Review – Wonder Woman #26 (DC Comics)

Publisher: DC Comics
Writer: Shea Fontana
Artwork: Mirka Andolfo
Colours: Romulo Fajardo Jr.
Release Date: 12th July 2017

With writer Greg Rucka’s post-Rebirth Wonder Woman coming to an end in issue 25, the baton is passed here to up-and-coming writer Shea Fontana.  And, joined here by the slick, expressive artwork of Mirka Andolfo, the pair do a solid job here of setting things up for their five-issue “Heart of the Amazon” arc.

This issue serves as a gentle introduction to the new tone and aesthetic of the Fontana/Andolfo partnership as we get to see Wonder Woman doing her hero thing before grudgingly agreeing to take a moment to relax and unwind at a friend’s wedding.  While it’s always entertaining to see Diana in her full, Amazonian glory, it’s also nice to see her out of her costume and doing quote-unquote “regular” things.

Now obviously everything doesn’t end up being as simple as all that, as you’ll quickly find out when you pick the issue up for yourself, but it’s already clear that Fontana is going for a slightly softer version of Wonder Woman here, and her accessible writing style is underscored by the expressive and lively artwork of Andolfo.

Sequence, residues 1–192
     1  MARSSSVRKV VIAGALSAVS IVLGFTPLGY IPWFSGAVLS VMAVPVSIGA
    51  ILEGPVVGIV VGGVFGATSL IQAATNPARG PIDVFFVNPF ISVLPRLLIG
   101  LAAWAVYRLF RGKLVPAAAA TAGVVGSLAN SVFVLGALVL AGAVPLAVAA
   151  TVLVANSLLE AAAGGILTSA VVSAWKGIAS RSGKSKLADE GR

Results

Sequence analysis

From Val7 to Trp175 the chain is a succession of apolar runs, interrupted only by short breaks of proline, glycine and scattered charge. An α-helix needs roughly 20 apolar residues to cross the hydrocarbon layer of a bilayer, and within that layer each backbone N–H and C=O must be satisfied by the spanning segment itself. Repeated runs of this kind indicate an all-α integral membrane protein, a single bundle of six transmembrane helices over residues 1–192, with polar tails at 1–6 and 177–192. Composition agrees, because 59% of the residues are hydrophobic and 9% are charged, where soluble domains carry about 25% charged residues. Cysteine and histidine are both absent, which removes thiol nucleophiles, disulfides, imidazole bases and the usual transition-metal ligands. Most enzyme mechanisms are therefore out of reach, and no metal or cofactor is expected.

Andolfo undoubtedly draws a great Diana, but still seems to struggle a little with male characters, giving them all soft, feminine features – including one particular scene where it looks like Diana’s military debrief is being carried out by a woman in a false moustache.  Thankfully the bulk of the book is populated by female characters, and in that respect Anfolfo really shines, providing an expressive and emotive supporting cast for Diana’s latest foray into the real world.

The issue also serves as a handy jumping-on point for new readers, with Fontana making sure to provide us with all the pertinent information while managing to avoid being bogged down in trying to bridge the gap between her and Rucka’s run.  It’s a slow-paced issue with an exciting cliffhanger, and while there isn’t a huge amount of meat on the storyline bones just yet, there’s certainly enough to whet some readers’ appetites enough to make them want to pick up the next part of the story.  Oh, and the pair also throw in an intriguing flashback sequence that, with the exception the shocking final page, is probably the highlight of the issue.

Ultimately, this is very much a set-up issue, and the gradual pace means it’s difficult to give a definitive prediction of just where this series is heading, or a conclusive scorecard for its new creative team.  But, while Fontana and Andolfo are definitely going for a noticeably different tone and style to Rucka, Sharp and Scott, there’s still a heck of a lot to like here.

Rating: 3.5/5.

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ceejThe writer of this piece was: Craig Neilson-Adams (aka Ceej)
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